Can Atheism Ground Human Rights? image

Can Atheism Ground Human Rights?

Can atheism provide the grounds for believing in universal benevolence and human rights? Well: no, says Christian Smith in his excellent Atheist Overreach: What Atheism Can't Deliver. In a nuanced, fair, scholarly and readable argument, Smith makes no attempt to establish whether naturalist atheism is true or false, but simply to establish that if it is true, there is no warrant for believing in a number of things that (most) atheists affirm. Thus:

A naturalistic universe is one that consists of energy and matter and other natural entities, such as vacuums, operating in a closed system in time and space, in which no transcendent, supernatural, divine being or superhuman power exists as creator, sustainer, guide or judge. Such a universe has come to exist by chance - not by design or providence but by purposeless natural forces and processes. There is no inherent, ultimate meaning or purpose. Any meaning or purpose that exists for humans in a naturalistic universe is constructed by and for humans themselves. When the natural forces of entropy eventually extinguish the human race - if some natural or humanmade disaster does not do so sooner - there will be no memory or meaning, just as none existed before human consciousness evolved.

If that is the nature of reality, then what grounds are there for believing in universal benevolence and human rights? There do not seem to be any:

To begin with, let us first observe that a naturalistic universe does not seem to offer any moral guidance at all ... Organisms do tend to “want” to survive. But on evolutionary grounds per se we cannot say that it was morally good or bad that the dinosaurs lived or died, for instance. It just happened.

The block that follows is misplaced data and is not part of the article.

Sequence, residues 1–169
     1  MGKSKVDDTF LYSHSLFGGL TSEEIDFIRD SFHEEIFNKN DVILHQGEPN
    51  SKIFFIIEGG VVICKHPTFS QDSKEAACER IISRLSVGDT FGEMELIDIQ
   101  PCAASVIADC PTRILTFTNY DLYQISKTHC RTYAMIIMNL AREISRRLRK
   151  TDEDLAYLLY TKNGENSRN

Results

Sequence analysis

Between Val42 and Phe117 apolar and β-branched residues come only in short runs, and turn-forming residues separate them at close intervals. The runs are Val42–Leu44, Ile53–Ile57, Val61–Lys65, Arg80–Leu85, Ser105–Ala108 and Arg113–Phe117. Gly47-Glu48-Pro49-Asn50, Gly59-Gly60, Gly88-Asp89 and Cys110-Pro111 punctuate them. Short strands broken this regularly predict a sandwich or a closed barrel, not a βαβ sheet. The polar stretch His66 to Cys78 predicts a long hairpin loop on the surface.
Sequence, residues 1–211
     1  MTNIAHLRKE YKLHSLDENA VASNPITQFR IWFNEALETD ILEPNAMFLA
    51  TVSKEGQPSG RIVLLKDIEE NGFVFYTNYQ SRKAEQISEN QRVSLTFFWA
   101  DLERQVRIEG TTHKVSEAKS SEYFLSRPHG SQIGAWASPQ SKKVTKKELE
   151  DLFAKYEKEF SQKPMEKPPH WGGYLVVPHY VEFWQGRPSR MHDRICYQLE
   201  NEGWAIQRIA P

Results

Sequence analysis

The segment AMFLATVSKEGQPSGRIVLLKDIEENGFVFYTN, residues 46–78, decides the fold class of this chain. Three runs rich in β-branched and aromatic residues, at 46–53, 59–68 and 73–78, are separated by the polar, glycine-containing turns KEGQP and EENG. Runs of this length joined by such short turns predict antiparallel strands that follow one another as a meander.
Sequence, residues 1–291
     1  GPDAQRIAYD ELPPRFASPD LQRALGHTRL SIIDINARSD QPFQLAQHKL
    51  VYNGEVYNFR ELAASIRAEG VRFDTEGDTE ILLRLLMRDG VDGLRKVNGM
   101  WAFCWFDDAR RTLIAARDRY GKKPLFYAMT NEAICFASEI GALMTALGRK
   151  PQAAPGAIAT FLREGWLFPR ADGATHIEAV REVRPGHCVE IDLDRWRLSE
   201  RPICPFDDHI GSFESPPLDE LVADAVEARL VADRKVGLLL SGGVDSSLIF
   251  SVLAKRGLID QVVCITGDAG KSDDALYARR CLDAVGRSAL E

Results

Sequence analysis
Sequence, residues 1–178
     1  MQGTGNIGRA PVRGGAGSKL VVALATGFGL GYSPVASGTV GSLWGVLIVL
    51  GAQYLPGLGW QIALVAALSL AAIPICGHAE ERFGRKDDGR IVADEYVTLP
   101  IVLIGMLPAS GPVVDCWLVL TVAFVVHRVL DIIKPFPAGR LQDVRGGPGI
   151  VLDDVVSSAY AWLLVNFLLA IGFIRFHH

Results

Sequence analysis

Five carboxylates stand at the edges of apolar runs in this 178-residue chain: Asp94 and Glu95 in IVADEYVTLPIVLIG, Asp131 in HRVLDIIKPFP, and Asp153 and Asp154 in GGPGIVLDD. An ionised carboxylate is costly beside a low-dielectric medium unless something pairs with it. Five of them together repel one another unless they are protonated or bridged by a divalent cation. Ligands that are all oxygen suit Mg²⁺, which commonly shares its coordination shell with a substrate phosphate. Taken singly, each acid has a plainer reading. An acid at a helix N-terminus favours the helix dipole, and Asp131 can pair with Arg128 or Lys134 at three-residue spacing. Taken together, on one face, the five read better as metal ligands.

This has not stopped people trying to provide some, of course. Some seek to secure human rights in the evolutionary pursuit of survival (which at most would ground our commitment to the survival of our offspring or tribe, and certainly not our entire species). Some insist that humans are fundamentally benevolent towards other human beings on the grounds of our humanity alone (which comes unstuck very quickly when we consider human history, but even if it were true, naturalistically speaking we cannot derive an “ought” from an “is”). Some look for a social contract description, in which we agree to affirm and defend human rights simply as a collective decision (which again, even if it were true, “does not and cannot compel people to believe in benevolence and rights as moral truths upon which they are obliged to act even if to their own detriment.”) And so forth.

Ultimately, Smith argues, they all fail on a logical level. We believe in human rights on the basis of convictions about humanity that grew in Christian soil, and cannot be grounded in a materialist account of reality. It is as if we are trying to remove the foundations from under a house, but hoping the house stays standing and nobody notices. Well: people have noticed. As to whether the house stays standing in a post-Christian context—and this was Nietzche’s objection too, from a completely different perspective—we shall see.

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